Crypto AML/CFT Comes First at FinCEN

FinCEN AML Priority Crypto

On the 30th June 2021, the Financial Crimes Enforcement Network issued its first Anti-Money Laundering and Countering the Financing of Terrorism priority list, a list to be published every four years in accordance with the Anti-Money Laundering Act of 2020 (AMLA 2020).

Below are the priorities as they appear in the ‘Anti-Money Laundering and
Countering the Financing of Terrorism National Priorities’
document. Whilst crypto-assets are only listed on the second point, they touch every threat listed.

  1. Corruption;
  2. Cybercrime, including relevant cybersecurity and virtual currency considerations;
  3. Foreign and domestic terrorist financing;
  4. Fraud;
  5. Transnational criminal organization activity;
  6. Drug trafficking organization activity;
  7. Human trafficking and human smuggling; and
  8. Proliferation financing.

Within the section ‘Cybercrime, including relevant cybersecurity and virtual currency considerations’, FinCEN notes the recent JBS and Colonial Pipeline attacks, stating that “As evidenced by recent attacks on the nation’s fuel and food supplies, ransomware is a particularly acute concern, as criminals increasingly use sophisticated attacks to target various sectors, including government, finance, education, energy, and health care.”

Specifically noting that CVCs (FinCEN’s terminology for crypto-assets) are becoming a “currency of preference” for online illicit activities, FinCEN laid out the risks of crypto-assets being used “for buying ransomware tools and services, online child exploitation material, illicit drugs and other illicit goods online, and for paying ransoms to the perpetrators of ransomware attacks, CVCs often are used to layer transactions to hide the origin of money derived from illicit activity. Criminals use a number of techniques to obscure the source of illicit funds when conducting transactions involving CVCs, including the use of mixers and tumblers.25 CVCs have been used by some of the highest-priority threat actors to advance their illegal activities and nuclear weapons ambitions. For example, North Korea-linked cyber actors likely have stolen hundreds of millions of dollars’ worth of CVCs since 2019 through cyber operations against CVC service providers, laundered stolen CVC value through other CVC service providers and CVC wallets, and used the proceeds to help fund weapons of mass destruction and ballistic missile programs.”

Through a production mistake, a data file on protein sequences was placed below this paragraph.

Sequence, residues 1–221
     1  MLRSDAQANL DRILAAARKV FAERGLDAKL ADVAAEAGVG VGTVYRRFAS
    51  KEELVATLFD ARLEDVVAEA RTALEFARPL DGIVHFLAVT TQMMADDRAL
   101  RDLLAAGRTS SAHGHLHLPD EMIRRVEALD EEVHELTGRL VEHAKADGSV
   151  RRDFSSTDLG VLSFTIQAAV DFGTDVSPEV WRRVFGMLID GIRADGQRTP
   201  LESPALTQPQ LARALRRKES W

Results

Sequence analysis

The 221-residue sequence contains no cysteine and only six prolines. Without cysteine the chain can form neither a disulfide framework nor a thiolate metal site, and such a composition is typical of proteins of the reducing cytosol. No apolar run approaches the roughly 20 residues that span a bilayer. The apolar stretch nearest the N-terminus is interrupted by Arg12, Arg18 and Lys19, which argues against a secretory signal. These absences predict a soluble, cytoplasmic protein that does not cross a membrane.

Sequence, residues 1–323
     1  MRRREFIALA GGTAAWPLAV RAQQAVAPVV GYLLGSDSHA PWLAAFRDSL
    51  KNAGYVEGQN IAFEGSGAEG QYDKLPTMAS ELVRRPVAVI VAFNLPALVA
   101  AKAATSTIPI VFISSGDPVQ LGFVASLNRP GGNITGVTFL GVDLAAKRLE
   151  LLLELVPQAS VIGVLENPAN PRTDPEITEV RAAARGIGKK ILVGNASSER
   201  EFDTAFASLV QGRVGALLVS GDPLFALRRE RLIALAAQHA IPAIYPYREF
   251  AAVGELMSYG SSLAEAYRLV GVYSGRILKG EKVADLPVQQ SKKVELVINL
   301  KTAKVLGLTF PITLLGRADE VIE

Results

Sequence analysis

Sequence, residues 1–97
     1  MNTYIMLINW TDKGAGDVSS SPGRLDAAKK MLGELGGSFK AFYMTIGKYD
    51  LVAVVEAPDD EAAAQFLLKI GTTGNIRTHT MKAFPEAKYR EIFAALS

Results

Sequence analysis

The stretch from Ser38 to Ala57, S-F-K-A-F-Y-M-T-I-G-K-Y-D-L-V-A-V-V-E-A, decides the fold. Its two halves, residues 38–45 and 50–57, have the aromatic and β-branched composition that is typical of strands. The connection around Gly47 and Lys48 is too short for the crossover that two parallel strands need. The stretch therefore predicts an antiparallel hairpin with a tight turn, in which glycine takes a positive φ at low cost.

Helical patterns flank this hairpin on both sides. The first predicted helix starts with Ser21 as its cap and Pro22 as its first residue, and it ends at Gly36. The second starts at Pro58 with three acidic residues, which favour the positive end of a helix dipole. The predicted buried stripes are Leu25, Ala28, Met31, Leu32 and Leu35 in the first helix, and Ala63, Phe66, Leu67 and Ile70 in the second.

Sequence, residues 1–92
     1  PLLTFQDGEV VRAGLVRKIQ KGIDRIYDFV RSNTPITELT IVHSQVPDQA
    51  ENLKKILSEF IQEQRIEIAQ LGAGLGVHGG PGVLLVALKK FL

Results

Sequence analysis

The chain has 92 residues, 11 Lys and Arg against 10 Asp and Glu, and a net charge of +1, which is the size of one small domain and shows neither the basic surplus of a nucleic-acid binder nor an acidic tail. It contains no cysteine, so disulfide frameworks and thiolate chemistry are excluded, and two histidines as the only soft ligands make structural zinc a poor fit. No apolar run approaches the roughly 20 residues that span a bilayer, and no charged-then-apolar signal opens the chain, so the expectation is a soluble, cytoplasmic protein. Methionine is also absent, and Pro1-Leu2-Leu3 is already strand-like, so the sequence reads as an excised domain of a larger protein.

“The publication of FinCen priorities is an important signal for VASPs. Regulated institutions are not required to take any immediate actions until relevant regulatory changes in the priorities areas are announced. However, what is already clear is they will need to show how they address the priority areas in their AML programs. It is important to note that the cryptocurrencies priority point is not the only one impacting VASPs. As obliged entities, VASPs will need to be able to demonstrate handling of all FinCEN priorities within their AML Program. Coinfirm’s tools and data are best-suited to support VASPs in showing increased scrutiny ahead of the regulatory changes. For example, in addressing the terrorist financing priority, we identified 55 blockchain services receiving terrorist funds, finding that they were not included in regulatory lists, ensuring that our clients are ahead of the market in terms of the information on TF risks.” – Barbara Hałasek, Coinfirm’s Head of Regulatory Affairs

Under the AMLA 2020, the final revised regulations will come out within the next 180 days.

To read the full FinCEN press release go here.